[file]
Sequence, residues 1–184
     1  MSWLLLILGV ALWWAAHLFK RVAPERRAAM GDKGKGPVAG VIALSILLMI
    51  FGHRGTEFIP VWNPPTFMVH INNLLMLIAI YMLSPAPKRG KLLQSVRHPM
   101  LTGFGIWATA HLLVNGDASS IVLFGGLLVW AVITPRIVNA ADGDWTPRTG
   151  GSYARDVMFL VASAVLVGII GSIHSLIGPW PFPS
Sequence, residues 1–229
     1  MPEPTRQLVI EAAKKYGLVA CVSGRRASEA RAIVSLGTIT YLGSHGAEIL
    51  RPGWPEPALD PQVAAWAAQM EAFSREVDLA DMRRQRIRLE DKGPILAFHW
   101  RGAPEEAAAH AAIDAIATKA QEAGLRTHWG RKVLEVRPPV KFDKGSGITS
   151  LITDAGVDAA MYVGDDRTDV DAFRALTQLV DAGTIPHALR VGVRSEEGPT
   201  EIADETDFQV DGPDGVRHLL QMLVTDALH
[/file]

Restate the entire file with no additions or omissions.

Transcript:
Sequence, residues 1–184
     1  MSWLLLILGV ALWWAAHLFK RVAPERRAAM GDKGKGPVAG VIALSILLMI
    51  FGHRGTEFIP VWNPPTFMVH INNLLMLIAI YMLSPAPKRG KLLQSVRHPM
   101  LTGFGIWATA HLLVNGDASS IVLFGGLLVW AVITPRIVNA ADGDWTPRTG
   151  GSYARDVMFL VASAVLVGII GSIHSLIGPW PFPS
Sequence, residues 1–229
     1  MPEPTRQLVI EAAKKYGLVA CVSGRRASEA RAIVSLGTIT YLGSHGAEIL
    51  RPGWPEPALD PQVAAWAAQM EAFSREVDLA DMRRQRIRLE DKGPILAFHW
   101  RGAPEEAAAH AAIDAIATKA QEAGLRTHWG RKVLEVRPPV KFDKGSGITS
   151  LITDAGVDAA MYVGDDRTDV DAFRALTQLV DAGTIPHALR VGVRSEEGPT
   201  EIADETDFQV DGPDGVRHLL QMLVTDALH